Please join us for a UW Data Science Seminar on Tuesday, October 10th from 4:30 to 5:20 p.m. PST. The seminar will feature Nathan TeBlunthuis, a Postdoctoral Research Fellow at the Information School at the University of Michigan.
This event will take place in the Physics/Astronomy Auditorium 102 (PAA A102) on the University of Washington campus.
“Misclassification in Automated Content Analysis Causes Bias in Regression. Can We Fix It? Yes We Can!”
Abstract: Automated classifiers (ACs), often built via supervised machine learning (SML), can categorize large, statistically powerful samples of data ranging from text to images and video. They have become widely popular measurement devices in computational social science and related fields. Despite this popularity, even highly accurate classifiers make errors that cause misclassification bias and misleading results when input to downstream statistical analyses—unless such analyses account for these errors. As we show in a systematic literature review of SML applications, scholars largely ignore misclassification bias.
In principle, existing statistical methods can use “gold standard” validation data, such as that created by human annotators, to correct misclassification bias. We introduce and test such methods, including a new method we design and implement in the R package “misclassification models”, via Monte Carlo simulations designed to reveal each method’s limitations, which we also release. Based on our results, we recommend our new error correction method as it is versatile and efficient. In sum, automated classifiers, even those below common accuracy standards or those making systematic misclassifications, can be useful for measurement with careful study design and appropriate error correction methods.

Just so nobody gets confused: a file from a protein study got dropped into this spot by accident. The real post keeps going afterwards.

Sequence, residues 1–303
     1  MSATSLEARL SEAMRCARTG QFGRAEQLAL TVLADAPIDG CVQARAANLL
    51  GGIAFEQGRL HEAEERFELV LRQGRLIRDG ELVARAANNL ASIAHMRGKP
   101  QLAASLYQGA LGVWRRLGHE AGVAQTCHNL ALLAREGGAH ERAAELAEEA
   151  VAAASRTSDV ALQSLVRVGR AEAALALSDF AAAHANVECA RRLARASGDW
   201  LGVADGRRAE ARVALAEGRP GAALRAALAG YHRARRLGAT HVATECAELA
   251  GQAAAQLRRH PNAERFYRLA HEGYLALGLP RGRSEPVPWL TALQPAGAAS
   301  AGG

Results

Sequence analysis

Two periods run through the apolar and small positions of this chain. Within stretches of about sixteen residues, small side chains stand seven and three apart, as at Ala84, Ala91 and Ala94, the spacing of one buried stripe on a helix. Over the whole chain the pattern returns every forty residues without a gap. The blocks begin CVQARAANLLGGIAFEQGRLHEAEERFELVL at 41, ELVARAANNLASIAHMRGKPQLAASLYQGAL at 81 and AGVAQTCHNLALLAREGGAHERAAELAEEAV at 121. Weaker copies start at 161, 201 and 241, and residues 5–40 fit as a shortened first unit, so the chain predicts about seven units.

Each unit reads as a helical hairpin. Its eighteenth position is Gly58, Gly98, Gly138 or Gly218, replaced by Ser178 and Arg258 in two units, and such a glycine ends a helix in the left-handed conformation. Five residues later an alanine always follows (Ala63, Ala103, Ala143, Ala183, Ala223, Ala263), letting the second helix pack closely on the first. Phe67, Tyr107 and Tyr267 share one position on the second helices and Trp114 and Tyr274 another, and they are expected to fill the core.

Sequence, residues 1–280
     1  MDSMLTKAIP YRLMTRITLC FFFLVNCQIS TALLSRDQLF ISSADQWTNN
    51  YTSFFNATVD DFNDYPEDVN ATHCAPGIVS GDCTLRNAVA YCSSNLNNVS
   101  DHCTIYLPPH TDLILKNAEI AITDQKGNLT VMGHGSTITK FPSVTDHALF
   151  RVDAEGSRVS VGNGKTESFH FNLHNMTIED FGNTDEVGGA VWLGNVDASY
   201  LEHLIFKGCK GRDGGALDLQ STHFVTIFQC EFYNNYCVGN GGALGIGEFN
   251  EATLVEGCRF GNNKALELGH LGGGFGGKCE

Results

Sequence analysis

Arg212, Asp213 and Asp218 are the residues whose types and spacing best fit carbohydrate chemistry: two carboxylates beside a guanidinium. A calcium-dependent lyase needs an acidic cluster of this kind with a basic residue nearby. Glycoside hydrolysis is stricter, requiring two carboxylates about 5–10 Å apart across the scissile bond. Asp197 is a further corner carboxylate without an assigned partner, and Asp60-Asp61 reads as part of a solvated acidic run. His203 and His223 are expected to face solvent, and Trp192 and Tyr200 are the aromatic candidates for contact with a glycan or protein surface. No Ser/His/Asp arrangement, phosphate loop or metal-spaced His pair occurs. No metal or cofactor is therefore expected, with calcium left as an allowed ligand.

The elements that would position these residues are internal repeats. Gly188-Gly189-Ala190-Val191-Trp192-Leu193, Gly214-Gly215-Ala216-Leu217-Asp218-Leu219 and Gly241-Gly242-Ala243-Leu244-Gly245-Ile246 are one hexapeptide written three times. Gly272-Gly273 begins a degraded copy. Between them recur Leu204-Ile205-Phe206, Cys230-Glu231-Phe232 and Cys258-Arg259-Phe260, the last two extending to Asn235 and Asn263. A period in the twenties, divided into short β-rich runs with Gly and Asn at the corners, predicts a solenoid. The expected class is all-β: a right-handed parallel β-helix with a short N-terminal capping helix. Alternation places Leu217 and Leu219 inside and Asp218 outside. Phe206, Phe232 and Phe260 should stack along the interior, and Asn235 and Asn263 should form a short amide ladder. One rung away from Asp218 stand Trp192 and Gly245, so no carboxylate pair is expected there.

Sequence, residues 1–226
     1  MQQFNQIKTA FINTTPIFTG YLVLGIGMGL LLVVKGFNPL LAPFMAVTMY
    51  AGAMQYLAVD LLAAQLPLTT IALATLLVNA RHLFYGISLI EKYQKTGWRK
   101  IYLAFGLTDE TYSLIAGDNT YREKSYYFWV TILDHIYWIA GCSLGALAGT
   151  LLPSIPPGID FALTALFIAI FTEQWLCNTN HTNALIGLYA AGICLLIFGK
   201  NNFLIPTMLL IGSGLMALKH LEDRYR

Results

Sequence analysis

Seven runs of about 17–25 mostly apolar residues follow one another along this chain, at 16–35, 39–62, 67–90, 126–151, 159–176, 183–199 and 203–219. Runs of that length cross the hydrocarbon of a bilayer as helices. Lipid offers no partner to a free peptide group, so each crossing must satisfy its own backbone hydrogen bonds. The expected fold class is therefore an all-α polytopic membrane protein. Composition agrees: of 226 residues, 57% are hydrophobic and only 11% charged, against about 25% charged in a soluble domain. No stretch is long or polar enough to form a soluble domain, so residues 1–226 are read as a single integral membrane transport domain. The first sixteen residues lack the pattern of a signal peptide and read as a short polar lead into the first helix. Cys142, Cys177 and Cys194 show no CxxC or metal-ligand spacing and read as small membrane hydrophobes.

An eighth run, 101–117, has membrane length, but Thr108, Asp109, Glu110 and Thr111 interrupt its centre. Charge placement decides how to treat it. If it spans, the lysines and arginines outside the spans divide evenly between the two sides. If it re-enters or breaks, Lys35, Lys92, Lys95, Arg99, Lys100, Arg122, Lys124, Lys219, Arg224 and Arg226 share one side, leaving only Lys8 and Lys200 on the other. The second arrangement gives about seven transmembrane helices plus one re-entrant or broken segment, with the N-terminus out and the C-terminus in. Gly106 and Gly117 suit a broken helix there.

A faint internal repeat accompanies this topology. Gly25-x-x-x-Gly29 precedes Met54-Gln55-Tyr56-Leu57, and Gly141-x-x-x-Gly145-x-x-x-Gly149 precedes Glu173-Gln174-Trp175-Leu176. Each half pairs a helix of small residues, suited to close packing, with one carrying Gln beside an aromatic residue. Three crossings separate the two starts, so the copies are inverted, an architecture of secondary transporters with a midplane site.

Bio: Dr. Nathan TeBlunthuis is a Postdoctoral Research Fellow in the Information School at the University of Michigan. He was previously at the Department of Communication Studies at Northwestern University and completed his PhD in Communication at the University of Washington. He is computational social scientist who studies how collective action is organized in projects like Wikipedia, online communities like Reddit, and social movements. An important part of his work is to improve the measurement of meaningful communication behaviors from unstructured data such as text and multimedia.
The UW Data Science Seminar is an annual lecture series at the University of Washington that hosts scholars working across applied areas of data science, such as the sciences, engineering, humanities and arts along with methodological areas in data science, such as computer science, applied math and statistics. Our presenters come from all domain fields and include occasional external speakers from regional partners, governmental agencies and industry.
The 2022-2023 seminars will be held in person, and are free and open to the public.